Gray's Anatomy Review
As well as being an actor, Spalding Gray has a secondary career as a spoken-word performer. In Swimming to Cambodia (filmed in 1987 by Jonathan Demme: recommended) Gray talked about his experiences in Cambodia while filming The Killing Fields. Monster in a Box (1992, director Nick Broomfield: not seen by me) detailed his misadventures while he tried to complete a vast autobiographical novel.
Gray's Anatomy is the third film adaptation of a Gray monologue (co-written by Renee Shafransky, Gray's partner, who directed the stage production and is referred to many times in it). As he passes fifty, Gray starts to worry about his own mortality...then he finds the sight in his left eye is becoming distorted. Learning that he has a “macular pucker” and squeamish at the thought of an operation, Gray seeks out alternative therapies, including mass nude encounters in a sweatbox, a raw-vegetable diet and a trip to the Philippines to meet "The Elvis Presley of psychic surgeons"...
The film was directed by Steven Soderbergh in mid-career slump. Kafka, King of the Hill and Underneath had all failed at the box office, and he had become increasingly disaffected with the Hollywood system. He had worked with Gray before on King of the Hill and this assignment (along with the self-financed bizarre comedy Schizopolis) helped recharge his batteries. To good effect: his next film was Out of Sight. The filmed dramatic monologue is a very specialised area, and possibly best suited to TV. There's a fine line between making a simple record of the stage experience and over-directing to the extent that the material is swamped. Fortunately Soderbergh carries it off: his direction and especially his and DP Elliot Davis's use of lighting doesn't distract us from what Gray's words. Soderbergh intersperses Gray's monologue (in colour) with black and white interview footage with real-life victims of eye trauma. (If you're squeamish about verbal – not visual, fortunately – descriptions of eye injuries, be warned.) The film begins and ends (after the credits) with public information TV footage about how important it is to look after our eyes. But Gray is the star of the show, and his monologue is very witty and a pleasure to listen to.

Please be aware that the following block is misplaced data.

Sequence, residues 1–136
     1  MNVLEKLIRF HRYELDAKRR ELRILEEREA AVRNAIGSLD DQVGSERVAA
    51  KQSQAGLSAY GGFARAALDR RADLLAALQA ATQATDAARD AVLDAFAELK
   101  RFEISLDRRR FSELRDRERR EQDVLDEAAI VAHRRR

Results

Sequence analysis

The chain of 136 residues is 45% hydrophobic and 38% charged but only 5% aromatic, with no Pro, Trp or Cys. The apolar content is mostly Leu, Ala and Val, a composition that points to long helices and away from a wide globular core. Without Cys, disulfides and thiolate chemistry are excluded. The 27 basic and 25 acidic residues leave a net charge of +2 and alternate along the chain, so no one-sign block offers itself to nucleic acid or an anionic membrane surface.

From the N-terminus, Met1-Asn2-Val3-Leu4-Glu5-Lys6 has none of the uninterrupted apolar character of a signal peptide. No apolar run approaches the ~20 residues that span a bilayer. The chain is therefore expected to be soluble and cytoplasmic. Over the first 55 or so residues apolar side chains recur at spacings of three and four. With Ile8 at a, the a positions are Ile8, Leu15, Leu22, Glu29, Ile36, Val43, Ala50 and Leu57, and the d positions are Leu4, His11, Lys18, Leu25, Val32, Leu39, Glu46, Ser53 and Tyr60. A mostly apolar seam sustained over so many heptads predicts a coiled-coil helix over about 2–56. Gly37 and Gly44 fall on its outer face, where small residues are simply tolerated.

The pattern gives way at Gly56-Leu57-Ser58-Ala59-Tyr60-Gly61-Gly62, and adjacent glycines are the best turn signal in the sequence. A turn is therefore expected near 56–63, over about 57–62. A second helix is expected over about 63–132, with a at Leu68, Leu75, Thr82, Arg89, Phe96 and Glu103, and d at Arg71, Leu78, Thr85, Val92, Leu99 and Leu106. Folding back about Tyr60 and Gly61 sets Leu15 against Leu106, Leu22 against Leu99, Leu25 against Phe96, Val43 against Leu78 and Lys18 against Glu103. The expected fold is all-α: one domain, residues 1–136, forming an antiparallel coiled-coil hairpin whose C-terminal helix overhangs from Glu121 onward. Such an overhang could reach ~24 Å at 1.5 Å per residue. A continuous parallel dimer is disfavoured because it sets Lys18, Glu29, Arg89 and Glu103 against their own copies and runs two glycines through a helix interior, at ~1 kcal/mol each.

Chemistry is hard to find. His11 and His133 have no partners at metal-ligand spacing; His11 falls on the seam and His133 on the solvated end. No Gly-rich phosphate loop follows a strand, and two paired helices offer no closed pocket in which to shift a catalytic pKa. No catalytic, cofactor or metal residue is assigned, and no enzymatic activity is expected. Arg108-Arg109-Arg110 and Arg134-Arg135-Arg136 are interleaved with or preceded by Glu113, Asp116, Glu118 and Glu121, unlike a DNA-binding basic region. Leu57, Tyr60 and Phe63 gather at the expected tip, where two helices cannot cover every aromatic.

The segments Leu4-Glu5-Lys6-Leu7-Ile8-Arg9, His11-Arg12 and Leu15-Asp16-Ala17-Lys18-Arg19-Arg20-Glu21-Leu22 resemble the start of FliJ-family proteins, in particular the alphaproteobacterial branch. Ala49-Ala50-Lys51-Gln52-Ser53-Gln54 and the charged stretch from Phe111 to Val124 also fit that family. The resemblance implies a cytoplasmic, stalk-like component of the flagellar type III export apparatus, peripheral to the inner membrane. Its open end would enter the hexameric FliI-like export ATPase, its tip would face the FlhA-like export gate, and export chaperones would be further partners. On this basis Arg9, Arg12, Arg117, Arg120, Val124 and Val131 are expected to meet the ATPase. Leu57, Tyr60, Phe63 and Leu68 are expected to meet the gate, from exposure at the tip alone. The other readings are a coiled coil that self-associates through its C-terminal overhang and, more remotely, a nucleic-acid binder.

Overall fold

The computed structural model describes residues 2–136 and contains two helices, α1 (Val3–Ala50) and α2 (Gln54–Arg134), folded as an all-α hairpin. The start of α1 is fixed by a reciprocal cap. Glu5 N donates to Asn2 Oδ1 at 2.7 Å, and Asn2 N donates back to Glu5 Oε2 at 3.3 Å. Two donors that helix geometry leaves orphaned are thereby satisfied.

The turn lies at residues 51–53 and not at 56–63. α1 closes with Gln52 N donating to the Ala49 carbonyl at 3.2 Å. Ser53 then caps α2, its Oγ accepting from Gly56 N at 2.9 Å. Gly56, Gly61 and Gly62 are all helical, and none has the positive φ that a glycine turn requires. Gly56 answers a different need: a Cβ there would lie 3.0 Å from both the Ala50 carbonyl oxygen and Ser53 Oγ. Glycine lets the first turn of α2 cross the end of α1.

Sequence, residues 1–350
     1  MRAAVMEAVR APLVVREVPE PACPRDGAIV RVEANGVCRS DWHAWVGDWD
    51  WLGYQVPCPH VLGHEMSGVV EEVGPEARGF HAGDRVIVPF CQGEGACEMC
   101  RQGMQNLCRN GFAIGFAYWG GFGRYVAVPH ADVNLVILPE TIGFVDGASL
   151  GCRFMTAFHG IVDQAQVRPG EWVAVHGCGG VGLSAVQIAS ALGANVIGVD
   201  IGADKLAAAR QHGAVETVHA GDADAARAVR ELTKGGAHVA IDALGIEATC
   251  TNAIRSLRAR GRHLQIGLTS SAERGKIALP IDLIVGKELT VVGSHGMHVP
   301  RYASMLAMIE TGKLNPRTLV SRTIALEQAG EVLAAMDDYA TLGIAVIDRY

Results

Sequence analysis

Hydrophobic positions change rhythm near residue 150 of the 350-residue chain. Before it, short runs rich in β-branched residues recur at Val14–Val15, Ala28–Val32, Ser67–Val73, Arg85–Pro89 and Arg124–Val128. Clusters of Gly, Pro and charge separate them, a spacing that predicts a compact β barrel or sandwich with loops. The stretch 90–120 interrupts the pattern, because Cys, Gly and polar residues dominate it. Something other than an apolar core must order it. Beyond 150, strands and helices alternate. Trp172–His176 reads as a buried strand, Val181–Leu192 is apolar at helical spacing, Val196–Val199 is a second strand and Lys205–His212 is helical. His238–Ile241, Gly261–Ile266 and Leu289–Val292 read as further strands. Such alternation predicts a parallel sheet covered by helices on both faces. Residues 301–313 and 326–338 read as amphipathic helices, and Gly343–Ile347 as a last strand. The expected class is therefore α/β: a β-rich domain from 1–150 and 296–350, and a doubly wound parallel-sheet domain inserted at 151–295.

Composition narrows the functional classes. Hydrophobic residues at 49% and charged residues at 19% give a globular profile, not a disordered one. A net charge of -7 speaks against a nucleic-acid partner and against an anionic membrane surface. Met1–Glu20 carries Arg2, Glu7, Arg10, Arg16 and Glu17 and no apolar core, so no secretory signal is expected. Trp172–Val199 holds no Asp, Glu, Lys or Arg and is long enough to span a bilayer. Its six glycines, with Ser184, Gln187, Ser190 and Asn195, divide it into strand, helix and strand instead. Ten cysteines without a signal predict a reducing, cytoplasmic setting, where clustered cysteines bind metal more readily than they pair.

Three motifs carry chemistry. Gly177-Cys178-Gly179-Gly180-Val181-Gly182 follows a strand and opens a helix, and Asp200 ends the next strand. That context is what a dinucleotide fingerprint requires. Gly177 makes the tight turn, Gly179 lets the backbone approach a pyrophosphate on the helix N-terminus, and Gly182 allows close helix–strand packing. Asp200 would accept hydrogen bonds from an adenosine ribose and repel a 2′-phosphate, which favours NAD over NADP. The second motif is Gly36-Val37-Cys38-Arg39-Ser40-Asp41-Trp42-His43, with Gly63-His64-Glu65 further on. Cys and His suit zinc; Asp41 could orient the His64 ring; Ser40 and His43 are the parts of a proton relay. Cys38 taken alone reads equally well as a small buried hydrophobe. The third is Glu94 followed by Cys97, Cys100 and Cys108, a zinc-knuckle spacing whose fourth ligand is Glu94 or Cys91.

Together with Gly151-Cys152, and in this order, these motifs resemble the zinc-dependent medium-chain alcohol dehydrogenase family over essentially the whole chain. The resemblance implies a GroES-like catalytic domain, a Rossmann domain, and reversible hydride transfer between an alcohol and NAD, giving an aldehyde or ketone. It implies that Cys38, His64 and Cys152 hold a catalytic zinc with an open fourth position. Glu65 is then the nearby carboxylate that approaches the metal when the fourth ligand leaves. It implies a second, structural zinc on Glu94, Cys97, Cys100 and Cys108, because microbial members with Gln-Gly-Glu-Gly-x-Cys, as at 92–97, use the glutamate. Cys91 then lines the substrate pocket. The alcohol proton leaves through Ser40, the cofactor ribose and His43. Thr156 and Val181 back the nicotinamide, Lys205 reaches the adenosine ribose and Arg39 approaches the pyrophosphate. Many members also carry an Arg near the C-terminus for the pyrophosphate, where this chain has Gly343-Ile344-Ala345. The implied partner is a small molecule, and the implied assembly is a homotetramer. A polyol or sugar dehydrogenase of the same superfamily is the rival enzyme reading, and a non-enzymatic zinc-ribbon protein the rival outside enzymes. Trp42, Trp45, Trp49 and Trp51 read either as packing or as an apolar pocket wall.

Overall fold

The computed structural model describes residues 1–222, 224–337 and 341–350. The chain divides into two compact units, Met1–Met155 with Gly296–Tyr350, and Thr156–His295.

Fox Lorber's DVD respects the original 1.85:1 aspect ratio, though is not anamorphic. That's not as bad as it sounds, as the original materials of Gray's Anatomy are in a better condition than those of other Fox Lorber releases. As this is such a recent film, so they should be. Soderbergh and Davis use a lot of backlighting, which means that Gray's face is in shadow in certain shots, and the detail could have been better. The black and white interview footage is a little grainy, but I suspect that's down to the original - likewise the opening and closing TV material, washed-out and colour-smeared and riddled with artefacts.
Gray's Anatomy has a Dolby Surround track. As the film consists entirely of people talking, you might wonder what the surround speakers are used for. The answer is, the score by Cliff Martinez (a Soderbergh regular), which is sparingly but effectively used. Otherwise this film is pretty much restricted to the centre channel (or the left and right if you play this in Dolby Digital).
There are six chapter stops. Normally this would be ridiculously inadequate, but in fairness there are few natural breaks in Gray's monologue. A greater drawback is the lack of subtitles, considering that the spoken word is the movie here.
Extras are minimal. A full-length commentary would be redundant, but a short interview with Soderbergh, and possibly Davis as well, describing their approach to filming Gray's Anatomy, would have been welcome. What we get is a trailer (also in 1.85:1 non-anamorphic, running 2:15) which is a fair stab at what must have been a hard sell to the uninitiated. There's also a page of production credits, redundant as they are printed on the box, not to mention in the film itself. The only other extras are text pages listing awards won by Gray and Soderbergh, plus their filmographies up to 1998. Soderbergh's omits his other feature documentary, the Yes concert movie 9012 Live.
Gray's Anatomy has a minor place in Soderbergh's filmography, but it does preserve a monologue by one of the leading raconteurs of our time. Fox Lorber's DVD is basic but decent.